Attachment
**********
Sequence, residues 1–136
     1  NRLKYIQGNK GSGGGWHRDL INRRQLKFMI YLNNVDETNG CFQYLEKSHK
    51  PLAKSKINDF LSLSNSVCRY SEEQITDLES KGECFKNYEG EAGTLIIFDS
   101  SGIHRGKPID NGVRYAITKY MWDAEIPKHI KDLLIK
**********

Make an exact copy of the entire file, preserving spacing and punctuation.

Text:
Sequence, residues 1–136
     1  NRLKYIQGNK GSGGGWHRDL INRRQLKFMI YLNNVDETNG CFQYLEKSHK
    51  PLAKSKINDF LSLSNSVCRY SEEQITDLES KGECFKNYEG EAGTLIIFDS
   101  SGIHRGKPID NGVRYAITKY MWDAEIPKHI KDLLIK